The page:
We Review Rabbit

By a woman smiling holding a drink in black and white Emily Gray |
21st November 2017

What? Occupying a rather enviable space, half way down the Kings Road, Rabbit is the second restaurant from the Gladwin Brothers (Richard, Oliver and Gregory). Following on from The Shed in Notting Hill, Rabbit continues the guy’s foraged, seasonal approach to cooking. They’re bringing a taste of the countryside back to London, for all those who have swapped fields for finance and Barbours for brief cases, although you don’t see many of these in 2017, let’s bring them back I say.

New? Nope, the second restaurant from the Gladwin Brothers, Rabbit opened back at the tail end of 2014.

Where? 172 King’s Road, Chelsea, SW3 4UP, www.rabbit-restaurant.com

On the Menu: Making the most of British, seasonal dishes, the menu starts with mouthfuls of crab beignets with squid ink emulsion before moving on to sharing plates (which are divided between slow and fast cooking) you’ll find: Baharat spiced cauliflower with mint yoghurt and pickled raisins; cod cheeks with braised salsify and langlois butter and red leg partridge with basil pesto, sloe jus, pickled girolles and dandelion.

The Look: Don’t be deceived by how small it looks from the outside, the initial narrow entrance and first few tables giveaway to a much larger room at the back. White washed walls are joined by exposed brick, corrugated iron, colour prints, retro adverts, rough wooden counters, wooden floor boards covered with slightly moth eaten rugs and shelves hold bottles of wine, jars of spices and the occasional stuffed pheasant.

What We Ate: Don’t think the menu is being modest with its section of mouthfuls, they are just that, glorified canapes but heck are they good. We started with the mushroom Marmite éclair, where the saltiness of the Marmite is met with a glorious, rich, silky smooth confit egg yolk. The ham hock bite with red onion jam on crispbread is a safe option, but one that is still good.

I think I have quite possibly found one of my favourite dishes in London, something so simple, yet executed perfectly. A thick disc of goat’s cheese, pan-fried and then topped with honey, thyme and whole almonds. It was one of those dishes that is bittersweet to eat, each mouthful is so good and yet you know that with each mouthful you are almost finished. Such are the tragedies in my life. Onion squash gnocchi was served with a pungent Tunworth cheese sauce, you’ll want to mop up every last drop. In the fast cooking, you’ll find an excellent dish of fallow deer with a parsnip puree, earthy red cabbage ketchup and pear and garlic chives, a wonderful mix of fruity and meaty flavours. A must to order are the venison cigars, made from chunks of venison wrapped in a crisp pastry with tarragon mayonnaise and pickled rapeseeds.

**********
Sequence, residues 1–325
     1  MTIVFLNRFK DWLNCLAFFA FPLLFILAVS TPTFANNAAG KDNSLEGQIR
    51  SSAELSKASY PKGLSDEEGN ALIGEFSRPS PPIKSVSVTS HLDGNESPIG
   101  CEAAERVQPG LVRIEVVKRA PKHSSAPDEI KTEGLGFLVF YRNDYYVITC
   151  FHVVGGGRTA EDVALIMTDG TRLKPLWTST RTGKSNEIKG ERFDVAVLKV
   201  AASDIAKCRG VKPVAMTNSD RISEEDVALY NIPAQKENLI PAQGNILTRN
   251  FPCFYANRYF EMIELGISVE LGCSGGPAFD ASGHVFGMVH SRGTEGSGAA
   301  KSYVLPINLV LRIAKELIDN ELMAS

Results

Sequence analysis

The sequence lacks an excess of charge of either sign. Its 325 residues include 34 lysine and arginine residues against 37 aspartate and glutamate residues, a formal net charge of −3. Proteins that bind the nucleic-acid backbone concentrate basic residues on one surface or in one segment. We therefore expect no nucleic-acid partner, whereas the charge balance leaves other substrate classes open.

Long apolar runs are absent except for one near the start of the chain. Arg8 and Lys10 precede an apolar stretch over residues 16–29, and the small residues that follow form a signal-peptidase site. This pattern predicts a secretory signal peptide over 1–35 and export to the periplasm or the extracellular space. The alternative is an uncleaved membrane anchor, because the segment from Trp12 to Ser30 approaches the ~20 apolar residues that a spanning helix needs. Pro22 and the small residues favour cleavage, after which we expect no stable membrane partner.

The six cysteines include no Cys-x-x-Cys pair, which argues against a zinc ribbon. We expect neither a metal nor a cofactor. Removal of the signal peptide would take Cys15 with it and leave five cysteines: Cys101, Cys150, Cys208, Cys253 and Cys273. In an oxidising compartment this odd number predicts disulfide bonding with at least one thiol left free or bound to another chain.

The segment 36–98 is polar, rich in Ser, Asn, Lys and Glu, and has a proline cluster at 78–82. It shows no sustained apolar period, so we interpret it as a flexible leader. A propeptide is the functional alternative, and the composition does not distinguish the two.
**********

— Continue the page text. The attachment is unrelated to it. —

The Kings Rocky Road is rich, almost too rich – share it between two. It’s also not as you expect rocky road to be, no biscuit, raisin or marshmallow, just dense fudgy cubes of chocolate. If you don’t want something sweet, then there is a generous cheese board with a particularly good Brighton Blue cheese.

What We Drank: We started with a daily loosener served in a glass Wellington boot, made from Smoked Freya woodsmoke birch spirit and ginger beer. If you prefer something more floral and delicate then you have the Twinkle, try ordering that without feeling just a tad ridiculous. Of course, the Twinkle was created by bar man Tony Conigliaro and is a mix of Champagne topped with Elderflower liqueur. We rounded off with a peaty whisky, aptly named the Peat Monster.

Go With: The Schoffel wearing, raspberry-trouser sporting brigade were out in full force. Clearly, it’s popular with the locals and those who have moved to London from the depths of the countryside. Go with someone who misses home or someone who needs to be educated about where food actually comes from.

Final Word: Heard about The Prince yet? It’s the foodie destination, West Brompton has been waiting for with: two bars, an enchanted garden and four restaurants, one of which is Rabbit. Make sure you order the roasties with cheddar and gravy – far better than any chips.

Like This? Try These: The Shed, Corrigan’s, Nutbourne

Rabbit: 172 King’s Road, Chelsea, SW3 4UP
www.rabbit-restaurant.com

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